McElhaney on Litigation

Put Simply, Make Your Experts Teach

Illustration by John Schmelzer

Judge Gunn appointed Angus to defend a criminal case, and a number of us went down to watch the trial, including some of the students from my trial tactics class. It was an insanity defense—those are hard cases to win—but by the time Angus finished with the direct examination of his expert witness, all the spectators we talked to were ready to acquit the defendant right then.

Later, when we talked to Angus in the Brief Bag, one of my students, Danielle Washington, said she was particularly impressed: “I’ve never seen a psychiatrist be so down-to-earth or make so much sense.”

“Dr. Winter is a good witness,” said Angus.

“That’s not all there is to it,” said Danielle. “You’ve got some secrets for how you examine experts.”

“He has a method—a whole system,” said Regis McCormick, who has been practicing for two or three years now. “This is the second time I’ve seen him examine an expert, and I meant to concentrate on how he does it, but I got so interested in the doctor’s testimony, I forgot to take notes on what Angus was doing.”

Angus smiled. “That’s the way it’s supposed to be,” he said. “It would never do for the jury to concentrate on me instead of on my witness.”

“Well, I’m not too proud to ask,” said Regis. “How’d you do that?”

“Right,” said Danielle. “Give us the secret. Don’t be like Professor McElhaney and just tell us what other people do. Tell us how you do it—what your system is.”

Angus said, “Just because I do something doesn’t make it right. And besides, there are some things I do that lots of good lawyers disagree with.”

But I already had my pencil out. I knew Angus couldn’t resist an invitation like that. Here are my notes.


The point of calling an expert witness is not to put a hired gun on the stand who will argue the case for you.

Adding a “witness” who is actually just another advocate creates credibility problems you don’t need.

And the point of calling an expert witness is not to have some professional sage fill the courtroom with incomprehensible erudition. People are reluctant to accept what they don’t understand.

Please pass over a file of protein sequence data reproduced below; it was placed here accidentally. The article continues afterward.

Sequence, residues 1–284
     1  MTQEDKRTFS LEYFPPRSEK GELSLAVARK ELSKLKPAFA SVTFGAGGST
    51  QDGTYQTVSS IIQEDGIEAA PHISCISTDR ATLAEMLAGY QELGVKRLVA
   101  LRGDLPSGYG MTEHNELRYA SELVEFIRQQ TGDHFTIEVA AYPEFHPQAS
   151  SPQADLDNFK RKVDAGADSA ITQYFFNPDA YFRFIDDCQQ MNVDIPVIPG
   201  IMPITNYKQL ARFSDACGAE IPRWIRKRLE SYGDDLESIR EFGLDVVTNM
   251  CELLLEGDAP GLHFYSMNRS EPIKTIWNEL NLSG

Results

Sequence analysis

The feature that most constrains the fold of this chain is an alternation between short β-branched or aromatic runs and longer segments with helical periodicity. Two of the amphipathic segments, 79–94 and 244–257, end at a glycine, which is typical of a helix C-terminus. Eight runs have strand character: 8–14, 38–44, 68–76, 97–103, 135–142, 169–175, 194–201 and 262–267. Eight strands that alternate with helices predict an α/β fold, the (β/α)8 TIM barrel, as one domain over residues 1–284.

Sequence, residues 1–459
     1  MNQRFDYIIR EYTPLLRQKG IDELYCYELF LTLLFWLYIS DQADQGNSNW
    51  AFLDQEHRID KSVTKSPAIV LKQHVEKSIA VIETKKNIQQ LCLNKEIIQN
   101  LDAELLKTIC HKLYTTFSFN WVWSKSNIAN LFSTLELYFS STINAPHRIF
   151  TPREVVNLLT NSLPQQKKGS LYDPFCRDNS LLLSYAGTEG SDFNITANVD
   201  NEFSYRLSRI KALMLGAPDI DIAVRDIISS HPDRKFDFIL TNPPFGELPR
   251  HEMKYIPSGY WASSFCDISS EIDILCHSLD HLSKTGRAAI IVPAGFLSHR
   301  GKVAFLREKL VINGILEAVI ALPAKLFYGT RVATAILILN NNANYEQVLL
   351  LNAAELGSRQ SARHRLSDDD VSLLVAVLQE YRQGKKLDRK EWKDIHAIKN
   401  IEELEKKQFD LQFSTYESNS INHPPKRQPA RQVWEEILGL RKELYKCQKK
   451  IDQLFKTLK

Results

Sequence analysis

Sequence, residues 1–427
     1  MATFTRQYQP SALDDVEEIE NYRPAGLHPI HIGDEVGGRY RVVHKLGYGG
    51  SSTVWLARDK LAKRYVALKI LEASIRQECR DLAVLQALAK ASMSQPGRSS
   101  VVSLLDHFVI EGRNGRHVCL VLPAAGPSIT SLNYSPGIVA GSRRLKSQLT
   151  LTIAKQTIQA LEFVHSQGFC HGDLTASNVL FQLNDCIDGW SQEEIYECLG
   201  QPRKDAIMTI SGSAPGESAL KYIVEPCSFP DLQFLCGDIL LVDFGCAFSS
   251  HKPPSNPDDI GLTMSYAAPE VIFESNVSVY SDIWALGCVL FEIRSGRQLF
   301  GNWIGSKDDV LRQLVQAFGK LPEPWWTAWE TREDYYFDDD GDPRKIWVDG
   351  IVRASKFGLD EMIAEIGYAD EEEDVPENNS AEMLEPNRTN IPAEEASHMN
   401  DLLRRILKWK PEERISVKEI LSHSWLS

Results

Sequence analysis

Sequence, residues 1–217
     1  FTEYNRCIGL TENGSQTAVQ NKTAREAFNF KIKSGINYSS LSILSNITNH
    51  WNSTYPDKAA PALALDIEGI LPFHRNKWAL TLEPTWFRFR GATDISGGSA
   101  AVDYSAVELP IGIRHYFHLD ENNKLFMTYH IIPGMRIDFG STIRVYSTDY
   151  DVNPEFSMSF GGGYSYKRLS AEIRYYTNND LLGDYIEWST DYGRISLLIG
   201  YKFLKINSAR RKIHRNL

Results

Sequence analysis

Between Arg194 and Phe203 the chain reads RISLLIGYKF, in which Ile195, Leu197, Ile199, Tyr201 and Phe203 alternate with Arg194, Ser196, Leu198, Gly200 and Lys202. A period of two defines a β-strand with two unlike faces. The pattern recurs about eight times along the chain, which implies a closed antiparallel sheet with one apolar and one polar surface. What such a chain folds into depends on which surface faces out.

Neither is the point to try to make the jury be so overwhelmed by the incredible qualifications and the impressive professional background of the expert that it will assume everything the witness says is true. Juries are not nearly as impressed with fancy qualifications as lawyers are.

The point of calling an expert is to put a teacher on the stand—an explainer who brings another set of eyes into the room through which the judge and jury can see the facts and understand your case. An expert witness is another opportunity to seize the high ground of credibility—to provide a trustworthy guide who can lead fact finders through the thicket of the case.

If this is your mindset, everything else will fall into place.

Credibility is at the heart of every case. And the teacher is a fundamental symbol of credibility in our society. So look for someone who loves to explain things to other people, who feels natural with a piece of chalk in hand, who enjoys showing others how things work.

Hard as it is to find an expert who is a good explainer, it’s easier to find one than it is to make one. Every field is filled with highly qualified individuals who lack the gift of making things clear to others. You simply do not have the time to show someone else how to be a wonderful teacher.

Beware of witnesses who say your case deals with difficult concepts that are too hard for ordinary people to grasp. That is the one idea they are sure to communicate to the judge and jury.

And listen closely to the witness’s vocabulary. You don’t want a witness who uses professional jargon to keep the uninitiated out of the inner circle. You want someone who enjoys sharing the secrets with others.

You want your expert to make the judge and jury understand things they didn’t know before the trial, ideas they can share with others. It makes them heroes and heroines of the breakfast table.

That’s important. The juror who gets an idea from your expert and passes it on to someone else is not just a simple conduit of information. Using something that came from your expert means the juror trusted your witness enough to share that idea with someone else. When jurors do that as part of their personal quest for admiration and respect, guess what: They are buying what you are selling.